Not only was her refusal unconventional, it was considered gravely sinful at the time and a risk to her soul’s salvation if she did not repent. Whether she decided to repent at some time in her life, I do not know. We do know that Heloise did submit to a secret marriage not long after the birth of their son, Astrolabe.

That brings up another unusual move on Heloise’s part. She named her son after an astronomical device invented by Muslim astronomers. During the Middle Ages, parents gave their children Christian names. For certain a bastard named Abelard would have drawn a few strange looks. Sadly, not much is known about their son.

Heloise’s lifelong devotion, while not exactly counterculture, is rather strange. One would think that after years apart, Heloise might have developed feelings of resentment towards Abelard. After all, Heloise had no desire to take holy orders, but she did at Abelard’s insistence. Yet, years later the two began a correspondence again that shows her undying affection for him and when Abelard died in 1142 at the age of 63, his remains were taken to Heloise who outlived him by 20 years. She asked to be placed in the same tomb as Abelard, but it is more likely that the two were entombed near each other. Later their remains were moved. Abelard and Heloise now rest side-by-side in Pere Lachaise Cemetery in Paris.

Lenoir's Tomb of Abelard and Heloise. (1817) Pere Lachaise Cemetery.

Lenoir’s Tomb of Abelard and Heloise. (1817) Pere Lachaise Cemetery.

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Andrea Cefalo is a Medieval fiction author and Medieval history blogger. Her debut novel, The Fairytale Keeper,  was a quarter-finalist in Amazon’s 2013 Breakthrough Novel Contest. The sequel, The Countess’ Captive, was released in 2015.  To keep up with her blog posts, upcoming novels, and musings, follow her on Facebook and Twitter or sign up for the VIP monthly newsletter.

 

Works Cited

Abelard, Peter, and Heloise. The Letters of Abelard and Heloise. Trans. Betty Radice. Harmondsworth: Penguin, 1974. Print.

Bayle, Pierre. “Letters of Abelard and Heloise.” Project Gutenburg. N.p., 27 Apr. 2011. Web. 9 Feb. 2017.

Cavlier, Jules. Abelard. 1853. Stone Scultpure. Louvre Museum in Paris.

The Editors of Encyclopædia Britannica. “Heloise.” Encyclopædia Britannica. Encyclopædia Britannica, Inc., 20 July 1998. Web. 10 Feb. 2017.

Jain, Priya. “Lust, Revenge and the Religious Right in 12th Century Paris.” Salon. N.p., 18 Dec. 2004. Web. 8 Feb. 2017.

Leighton, Edmund Blair. Abelard and his Pupil Heloise. 1882. Oil on Canvas.

Lenoir, Alexandre. Tomb of Abélard and Héloïse. 1817. Tomb. Pere Lachaise Cemetery.

Luscombe, David Edward. “Peter Abelard.” Encyclopædia Britannica. Encyclopædia Britannica, Inc., 25 Mar. 1999. Web. 10 Feb. 2017.

Mallet, Jean-Baptiste Mallet. Eloise at the Abbey of Paraclet. Oil on canvas
Grasse, Musée Fragonard.

Nehring, Cristina. “Heloise & Abelard: Love Hurts.” Sunday Book Review. The New York Times, 13 Feb. 2005. Web. 7 Feb. 2017.

Vignaud, Jean. Abelard and Heloise Surprised by Master Fulbert. 1819. Oil on Canvas.

 

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Star-Crossed Lovers Week: Heloise’s First Letter to Abelard

Heloïse imagined in a mid-19th-century engraving

Heloïse imagined in a mid-19th-century engraving (Photo credit: Wikipedia)

At the time this letter was written, Heloise and Abelard had been parted for over a decade.  Never once had Abelard sent Heloise a letter recognizing the immense sacrifice she made for him or to check after her well-being.  Heloise’s response below comes after a letter was passed to her from a third-party in which Abelard wrote of his fears for his life at the hands of his own pupils.  After ten years of separation, Heloise worries after her lover of so long ago and writes poetically of her devotion to him and yet pain at his ignoring her.  And so while Heloise and Abelard may have been the Romeo and Juliet of their time, so may Heloise have been the Shakespeare, as well.  Below are bits and pieces of Heloise’s first letter to Abelard.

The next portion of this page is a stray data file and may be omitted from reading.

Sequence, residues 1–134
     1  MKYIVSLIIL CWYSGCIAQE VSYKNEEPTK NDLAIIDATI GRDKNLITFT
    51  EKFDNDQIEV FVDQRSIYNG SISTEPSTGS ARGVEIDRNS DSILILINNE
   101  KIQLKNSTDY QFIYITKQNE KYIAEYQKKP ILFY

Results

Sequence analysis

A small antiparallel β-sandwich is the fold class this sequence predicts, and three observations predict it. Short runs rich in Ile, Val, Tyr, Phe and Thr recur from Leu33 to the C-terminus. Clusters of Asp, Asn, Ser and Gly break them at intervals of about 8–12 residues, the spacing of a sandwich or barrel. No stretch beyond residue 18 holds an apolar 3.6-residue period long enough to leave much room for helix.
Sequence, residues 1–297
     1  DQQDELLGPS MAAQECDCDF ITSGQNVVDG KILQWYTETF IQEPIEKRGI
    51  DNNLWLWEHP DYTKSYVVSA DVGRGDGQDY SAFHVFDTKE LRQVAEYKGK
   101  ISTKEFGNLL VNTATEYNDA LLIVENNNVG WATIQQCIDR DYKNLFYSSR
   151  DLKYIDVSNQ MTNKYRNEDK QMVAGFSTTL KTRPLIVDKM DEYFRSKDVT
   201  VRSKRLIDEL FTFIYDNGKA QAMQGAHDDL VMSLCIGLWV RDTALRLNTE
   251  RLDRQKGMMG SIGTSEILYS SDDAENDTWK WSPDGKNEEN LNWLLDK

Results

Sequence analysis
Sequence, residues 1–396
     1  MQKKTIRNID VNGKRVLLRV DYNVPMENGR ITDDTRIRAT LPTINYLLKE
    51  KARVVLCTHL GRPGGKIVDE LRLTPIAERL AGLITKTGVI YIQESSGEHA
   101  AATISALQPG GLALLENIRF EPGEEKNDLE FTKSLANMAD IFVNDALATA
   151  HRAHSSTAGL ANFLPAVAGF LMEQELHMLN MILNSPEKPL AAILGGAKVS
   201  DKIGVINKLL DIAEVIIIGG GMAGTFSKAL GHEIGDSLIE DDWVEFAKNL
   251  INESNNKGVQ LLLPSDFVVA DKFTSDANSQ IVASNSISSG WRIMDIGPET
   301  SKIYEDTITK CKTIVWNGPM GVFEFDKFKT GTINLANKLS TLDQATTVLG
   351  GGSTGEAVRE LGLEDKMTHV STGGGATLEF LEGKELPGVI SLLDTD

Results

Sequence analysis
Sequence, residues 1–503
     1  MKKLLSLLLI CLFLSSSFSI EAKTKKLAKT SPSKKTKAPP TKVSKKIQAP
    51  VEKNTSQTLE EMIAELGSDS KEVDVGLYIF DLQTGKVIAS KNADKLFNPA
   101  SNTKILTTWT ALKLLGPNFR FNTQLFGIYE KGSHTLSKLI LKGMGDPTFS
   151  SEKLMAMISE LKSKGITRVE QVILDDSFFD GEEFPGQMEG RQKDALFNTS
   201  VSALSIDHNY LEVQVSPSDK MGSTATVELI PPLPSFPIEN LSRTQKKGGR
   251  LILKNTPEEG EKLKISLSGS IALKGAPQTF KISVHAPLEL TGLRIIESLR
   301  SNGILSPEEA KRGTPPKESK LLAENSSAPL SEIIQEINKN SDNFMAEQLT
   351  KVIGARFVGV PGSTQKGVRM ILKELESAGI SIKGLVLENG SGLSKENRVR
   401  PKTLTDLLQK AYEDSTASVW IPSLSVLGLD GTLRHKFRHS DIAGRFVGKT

Not long ago my beloved, by chance someone brought me the letter of consolation you had sent to a friend.  I saw at once from the superscription that it was yours, and was all the more eager to read it since the writer is so dear to my heart.  I hoped for renewal of strength, at least from the writer’s words which would picture for me the reality I have lost.  But nearly every line of this letter was filled, I remember, with gall and wormwood, as it told the pitiful story of our entry into religion and the cross of unending suffering which you, my only love, continue to bear.

…You revealed the persecution you suffered from your teachers, the supreme treachery of the mutilation of your person, and then described the abominable jealousy and violent attacks of your fellow students. 

…No one, I think, could read or hear it dry-eyed; my own sorrows are renewed in the detail in which you have told it, and redoubled because you say your perils are still increasing. …We beseech you to write as often as you think fit to us who are His handmaids and yours.

…You have dealt us fresh wounds of grief as well as re-opening the old.  I beg you, then, as you set about tending the wounds which others have dealt, heal the wounds you have yourself inflicted.

…In the precarious early days of our conversion long ago I was not a little surprised and troubled by your forgetfulness, when neither reverence for God nor our mutual love nor the example of the holy Father made you think of trying to comfort me, wavering and exhausted as I was by prolonged grief, either by word when I was with you or by letter when we had parted.  Yet you must know that you are bound to me by an obligation which is all the greater for the further close tie of the marriage sacrament uniting us, and are the deeper in my debt because of the love I have always borne you, as everyone knows a love which is beyond all bounds.

Abelard and his pupil, Héloïse, by Edmund Blai...

Abelard and his pupil, Héloïse, by Edmund Blair Leighton (Photo credit: Wikipedia)